M(3), 5/12: Do Meeting Makers Really Make It?
Happy Monday, and I hope all the Mom’s reading had a spectacular Mother’s Day, I surely did!
Today’s meeting was a rewarding one for me in many ways. First, we had a decently sized group (14!). Second, there were three newcomers, and it’s always nice to have a new perspective in the sharing section of the meeting. Finally, the topic of today’s meeting is one that hits close to home. We read from the book Living Sober, a chapter entitled “Going to AA Meetings.” The chapter explains the basic nuts and bolts of 12-step meetings: the format, the various types, what to expect if you choose to attend one. If you are new to sobriety and/or interested in 12-step principles, I highly recommend giving this book a read; it is an excellent resource.
The topic hits close to home for me personally because it was a great reminder of why I chose to attend 12-step meetings in the first place: I am an alcoholic/addict, and 12-step meetings are a form of medicine for me. Someone reading this post without knowledge of addiction might question the concept of sitting in a room with like-minded people and talking to be a form of medicine; frankly, I have questioned it myself. I especially questioned it when I was first exposed to 12-step meetings, years before I actually got sober. At that point, I had great difficulty in identifying with anyone in the rooms of AA. In fact, I spent great energy looking for ways in which I was different. Of course, with that attitude, the outcome was inevitable: I stopped going to meetings, and I eventually chose to drink again. Whether those two facts are connected would probably be up for debate; I am of the opinion that they are directly connected.
When I hit my bottom, I consciously chose a new attitude towards meetings; I deliberately sought out ways with which to connect with the people in the rooms, with the literature I read, with the stories I heard. My focus was now on how to assimilate, rather than how to differentiate, myself. Of course this was a process, but in time I started to feel what is described as the “magic of the meetings.” I would sit down, and the topic would apply directly to events in my life. I would meet someone, and we would feel like instant family. I would feel like I was exactly where I needed to be!
As time goes on, of course, it becomes more of a struggle to attend meetings. Busy schedules, the feeling that “I’m okay, and I can live without a meeting,” or a resentment can pop up that can make continuing attendance difficult. And, as I’ve been told by countless wise people, that’s just when you need a meeting the most! Often the question is asked, “How long do you need to keep going to meetings?” The standard reply, at least in my part of the world: “Until you want to go!” And that is true, even as interest ebbs and flows.
One of the newcomers in today’s meeting told his tale that is, sadly, a familiar one to those of us who are regular meeting attendees: he had a decent amount of sobriety (more than 2 years), and then life got busy, and he decided he did not need to make meetings a priority anymore. He said he faded off to no meetings, and within a week or so he had people calling him: are you okay? did you relapse? He indignantly replied that he did not relapse, that he was fine! He said it only took about a month to convince himself that he was cured of his disease, and that it would be okay to drink again. He has about month sober now, but he admits it is much more difficult this time around, because he is fighting the shame of giving up those 2 plus years.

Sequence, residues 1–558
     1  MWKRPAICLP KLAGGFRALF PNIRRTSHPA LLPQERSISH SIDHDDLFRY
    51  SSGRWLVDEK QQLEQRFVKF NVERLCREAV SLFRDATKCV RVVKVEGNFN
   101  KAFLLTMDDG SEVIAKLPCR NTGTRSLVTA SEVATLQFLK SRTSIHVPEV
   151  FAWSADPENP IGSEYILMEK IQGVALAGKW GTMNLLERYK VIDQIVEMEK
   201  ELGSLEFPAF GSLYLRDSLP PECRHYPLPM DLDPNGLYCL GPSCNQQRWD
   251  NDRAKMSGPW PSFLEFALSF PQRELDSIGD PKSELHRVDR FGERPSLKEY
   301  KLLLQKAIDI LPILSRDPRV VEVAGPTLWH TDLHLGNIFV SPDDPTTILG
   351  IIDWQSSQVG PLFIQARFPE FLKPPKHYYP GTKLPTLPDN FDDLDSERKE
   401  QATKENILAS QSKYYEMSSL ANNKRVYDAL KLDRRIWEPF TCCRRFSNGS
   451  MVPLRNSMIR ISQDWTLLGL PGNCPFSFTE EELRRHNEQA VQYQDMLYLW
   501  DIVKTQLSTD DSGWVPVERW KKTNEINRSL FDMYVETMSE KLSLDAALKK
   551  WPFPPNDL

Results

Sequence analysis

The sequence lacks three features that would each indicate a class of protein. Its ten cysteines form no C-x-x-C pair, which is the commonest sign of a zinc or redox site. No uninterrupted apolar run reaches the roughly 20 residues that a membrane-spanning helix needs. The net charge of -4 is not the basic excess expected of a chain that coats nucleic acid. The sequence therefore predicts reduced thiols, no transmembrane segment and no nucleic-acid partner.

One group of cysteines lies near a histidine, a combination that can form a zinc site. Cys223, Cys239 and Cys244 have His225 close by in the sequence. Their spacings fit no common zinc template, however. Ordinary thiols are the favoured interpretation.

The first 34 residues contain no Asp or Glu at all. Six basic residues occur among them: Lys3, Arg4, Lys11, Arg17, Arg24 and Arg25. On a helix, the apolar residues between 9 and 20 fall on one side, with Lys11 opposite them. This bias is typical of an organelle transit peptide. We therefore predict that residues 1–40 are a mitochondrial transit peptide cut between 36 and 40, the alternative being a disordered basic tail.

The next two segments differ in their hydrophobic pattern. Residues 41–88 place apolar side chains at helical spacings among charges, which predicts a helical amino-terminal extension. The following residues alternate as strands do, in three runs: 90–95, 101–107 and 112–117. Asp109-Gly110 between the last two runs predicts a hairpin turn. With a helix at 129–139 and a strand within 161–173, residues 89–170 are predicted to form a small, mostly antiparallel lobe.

There but for the grace of God go I.
I have the blessing of 3 or 4 regular attendees with decades of sobriety, so I was most anxious to hear what motivates them to continue their meeting attendance after so many years. Each of them shared, and were in complete agreement: it is not a struggle to attend meetings, it is a joy. They attend meetings because they want to attend, not because they feel they “have to.” Meeting attendance is as much a part of their lives as brushing their teeth or showering is a part of their hygiene!
The final thought I will share is from one of my friends with almost 30 years of sobriety. She compared meeting attendance to breathing: in order for breathing to be successful, you need to breathe in and breathe out; not much good comes out of simply performing one or the other. In the same way, there are two components to meetings: taking in what you need, and sharing with others what you’ve learned, and they are both critical to the success of meeting attendance. This analogy was a great reminder for me. When I am too much in my own head, I forget that meeting attendance is not all about me; that service is the foundation of the 12-step philosophy. Keeping the question, “how can I help another?” in the forefront of my mind at meetings will remind me to be of service, which will, of course, circle back around and enrich my own experience at the meeting.
Lots of motivating stuff today, and, as result, I am going to get out to at least one new meeting this week!
Made a carrot cake to celebrate someone’s one year anniversary of sobriety, and I was nervous, because I had never made one before. But the reports are in: the cake was delicious!
Posted on May 12, 2014, in Monday Meeting Miracles, Recovery and tagged 12 step program, AA, Addiction, Alcoholic Anonymous, Alcoholism, Meeting, Miracle, Monday, Recovery, Substance Abuse, Support group, Twelve-Step Program. Bookmark the permalink. 15 Comments.